VFW Commemorates Memorial Day

Originally called Decoration Day, this solemn day is set aside to remember all those who died in service to their country

WASHINGTON — This Memorial Day, the Veterans of Foreign Wars (VFW) joins a grateful nation in honoring and remembering the soldiers, Marines, sailors, airmen, guardians, and Coast Guardsmen, who, as President Abraham Lincoln so eloquently put during the Gettysburg Address, “gave the last full measure of devotion.”

Originally called Decoration Day, the holiday was officially proclaimed in 1868 to honor those who died during the Civil War. After World War I, the solemn day was expanded to honor those who died in all wars. It became an official federal holiday in 1971, set aside to remember all those who died in service to the United States. According to the U.S. Census Bureau, Memorial Day honors more than 1 million men and women who have died in military service since the Civil War began in 1861.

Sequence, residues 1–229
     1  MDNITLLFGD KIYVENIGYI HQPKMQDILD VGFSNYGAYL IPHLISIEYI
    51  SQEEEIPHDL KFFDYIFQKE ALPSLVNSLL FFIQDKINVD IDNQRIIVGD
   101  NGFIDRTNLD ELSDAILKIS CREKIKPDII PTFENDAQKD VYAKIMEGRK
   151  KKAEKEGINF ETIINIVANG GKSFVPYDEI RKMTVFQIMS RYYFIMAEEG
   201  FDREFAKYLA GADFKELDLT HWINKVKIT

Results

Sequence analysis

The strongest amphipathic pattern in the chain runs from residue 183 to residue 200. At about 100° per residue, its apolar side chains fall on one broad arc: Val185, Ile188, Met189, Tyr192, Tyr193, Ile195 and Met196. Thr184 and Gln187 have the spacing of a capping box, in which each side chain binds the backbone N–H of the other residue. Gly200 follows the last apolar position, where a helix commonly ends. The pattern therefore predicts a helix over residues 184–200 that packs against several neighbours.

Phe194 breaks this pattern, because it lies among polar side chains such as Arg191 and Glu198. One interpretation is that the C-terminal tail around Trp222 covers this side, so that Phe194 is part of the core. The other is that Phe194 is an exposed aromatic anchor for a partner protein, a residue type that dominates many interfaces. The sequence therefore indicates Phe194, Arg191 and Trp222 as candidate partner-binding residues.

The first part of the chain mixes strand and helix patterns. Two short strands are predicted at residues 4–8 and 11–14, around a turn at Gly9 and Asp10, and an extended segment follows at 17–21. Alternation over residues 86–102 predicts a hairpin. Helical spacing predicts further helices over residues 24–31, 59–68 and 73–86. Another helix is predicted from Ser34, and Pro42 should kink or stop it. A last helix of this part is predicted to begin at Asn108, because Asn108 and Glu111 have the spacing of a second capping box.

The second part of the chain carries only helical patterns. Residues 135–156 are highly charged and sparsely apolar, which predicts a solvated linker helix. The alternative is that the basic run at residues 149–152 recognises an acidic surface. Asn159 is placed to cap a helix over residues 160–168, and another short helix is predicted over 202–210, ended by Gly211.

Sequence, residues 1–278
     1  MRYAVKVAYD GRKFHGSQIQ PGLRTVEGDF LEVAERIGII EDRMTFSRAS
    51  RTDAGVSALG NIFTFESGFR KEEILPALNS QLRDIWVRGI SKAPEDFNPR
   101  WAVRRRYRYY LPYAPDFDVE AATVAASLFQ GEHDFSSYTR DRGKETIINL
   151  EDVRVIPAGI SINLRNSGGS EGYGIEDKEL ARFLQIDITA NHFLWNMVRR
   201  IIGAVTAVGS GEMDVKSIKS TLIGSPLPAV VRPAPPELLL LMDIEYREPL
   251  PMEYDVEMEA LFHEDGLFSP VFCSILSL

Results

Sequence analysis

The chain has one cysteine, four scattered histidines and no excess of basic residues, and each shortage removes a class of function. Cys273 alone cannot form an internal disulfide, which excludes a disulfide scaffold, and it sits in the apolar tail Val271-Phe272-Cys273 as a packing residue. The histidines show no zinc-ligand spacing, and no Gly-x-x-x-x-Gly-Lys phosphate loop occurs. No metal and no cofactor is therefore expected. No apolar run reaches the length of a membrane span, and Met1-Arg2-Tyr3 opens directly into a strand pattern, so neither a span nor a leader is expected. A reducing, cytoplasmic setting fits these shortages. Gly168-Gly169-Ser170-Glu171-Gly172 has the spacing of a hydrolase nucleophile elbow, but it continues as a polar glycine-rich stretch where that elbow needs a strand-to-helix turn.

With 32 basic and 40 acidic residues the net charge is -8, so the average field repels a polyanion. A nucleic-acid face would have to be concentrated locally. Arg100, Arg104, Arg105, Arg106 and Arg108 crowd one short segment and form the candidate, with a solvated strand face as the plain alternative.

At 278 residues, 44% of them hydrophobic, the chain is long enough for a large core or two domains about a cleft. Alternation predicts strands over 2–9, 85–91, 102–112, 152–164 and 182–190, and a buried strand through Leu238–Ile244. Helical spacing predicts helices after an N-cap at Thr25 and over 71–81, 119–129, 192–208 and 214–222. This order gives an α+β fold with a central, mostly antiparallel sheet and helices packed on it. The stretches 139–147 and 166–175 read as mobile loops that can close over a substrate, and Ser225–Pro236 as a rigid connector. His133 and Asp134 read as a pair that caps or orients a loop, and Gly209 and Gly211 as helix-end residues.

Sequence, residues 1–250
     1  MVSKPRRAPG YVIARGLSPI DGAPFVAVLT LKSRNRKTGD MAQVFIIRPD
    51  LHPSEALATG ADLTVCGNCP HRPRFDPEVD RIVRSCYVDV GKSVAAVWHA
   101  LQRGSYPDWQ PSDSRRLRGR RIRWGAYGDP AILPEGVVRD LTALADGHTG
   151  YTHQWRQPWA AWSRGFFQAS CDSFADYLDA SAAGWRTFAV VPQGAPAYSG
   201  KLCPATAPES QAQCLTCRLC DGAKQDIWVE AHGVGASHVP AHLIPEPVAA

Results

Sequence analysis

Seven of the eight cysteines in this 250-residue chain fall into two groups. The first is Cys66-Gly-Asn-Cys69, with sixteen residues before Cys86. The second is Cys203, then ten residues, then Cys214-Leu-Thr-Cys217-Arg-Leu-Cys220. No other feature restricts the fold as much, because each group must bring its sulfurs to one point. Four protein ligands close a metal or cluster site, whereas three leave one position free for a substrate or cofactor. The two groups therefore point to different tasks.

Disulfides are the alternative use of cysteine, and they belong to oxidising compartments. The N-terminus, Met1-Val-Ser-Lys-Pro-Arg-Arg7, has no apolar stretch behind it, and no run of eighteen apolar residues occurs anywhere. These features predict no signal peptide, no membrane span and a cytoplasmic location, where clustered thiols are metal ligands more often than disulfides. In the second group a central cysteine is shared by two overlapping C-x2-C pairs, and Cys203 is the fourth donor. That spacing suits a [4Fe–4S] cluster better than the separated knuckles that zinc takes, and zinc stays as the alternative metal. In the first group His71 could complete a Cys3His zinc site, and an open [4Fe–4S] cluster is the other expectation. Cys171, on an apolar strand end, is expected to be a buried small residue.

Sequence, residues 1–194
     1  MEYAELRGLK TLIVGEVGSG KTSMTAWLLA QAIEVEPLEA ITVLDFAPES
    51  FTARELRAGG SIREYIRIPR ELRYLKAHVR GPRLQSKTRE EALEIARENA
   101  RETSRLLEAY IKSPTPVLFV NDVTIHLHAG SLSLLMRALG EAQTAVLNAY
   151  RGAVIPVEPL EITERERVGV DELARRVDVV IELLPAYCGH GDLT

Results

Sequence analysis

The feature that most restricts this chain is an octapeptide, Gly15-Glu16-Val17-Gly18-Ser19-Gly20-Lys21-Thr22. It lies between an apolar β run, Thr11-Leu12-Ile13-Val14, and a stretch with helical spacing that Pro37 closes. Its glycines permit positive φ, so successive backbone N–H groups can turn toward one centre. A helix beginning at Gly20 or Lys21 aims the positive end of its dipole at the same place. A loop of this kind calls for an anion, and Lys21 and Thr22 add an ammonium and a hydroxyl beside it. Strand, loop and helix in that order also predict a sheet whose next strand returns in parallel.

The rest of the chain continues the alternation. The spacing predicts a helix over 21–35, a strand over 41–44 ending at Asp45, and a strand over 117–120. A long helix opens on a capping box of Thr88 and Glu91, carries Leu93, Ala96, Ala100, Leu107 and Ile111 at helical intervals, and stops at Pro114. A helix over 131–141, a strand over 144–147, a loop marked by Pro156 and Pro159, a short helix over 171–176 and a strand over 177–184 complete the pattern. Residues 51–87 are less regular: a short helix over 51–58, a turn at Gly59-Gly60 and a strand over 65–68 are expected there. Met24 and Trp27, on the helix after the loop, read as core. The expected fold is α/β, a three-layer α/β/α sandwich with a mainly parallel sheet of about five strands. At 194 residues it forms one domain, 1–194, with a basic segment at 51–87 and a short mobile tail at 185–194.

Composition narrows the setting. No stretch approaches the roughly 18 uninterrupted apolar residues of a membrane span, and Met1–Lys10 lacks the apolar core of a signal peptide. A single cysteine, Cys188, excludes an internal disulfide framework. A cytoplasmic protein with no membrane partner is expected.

President Harry S. Truman established a tradition through Proclamation 2889, proclaiming Memorial Day, May 30, 1950, and each succeeding Memorial Day, as a day of prayer for permanent peace. The 2023 White House Proclamation: Prayer for Peace, Memorial Day can be found here.

The 1.5 million members of the VFW and its Auxiliary asks each American to take time this Memorial Day, and every day, reflecting on those who paid the ultimate sacrifice supporting and defending the Constitution of the United States.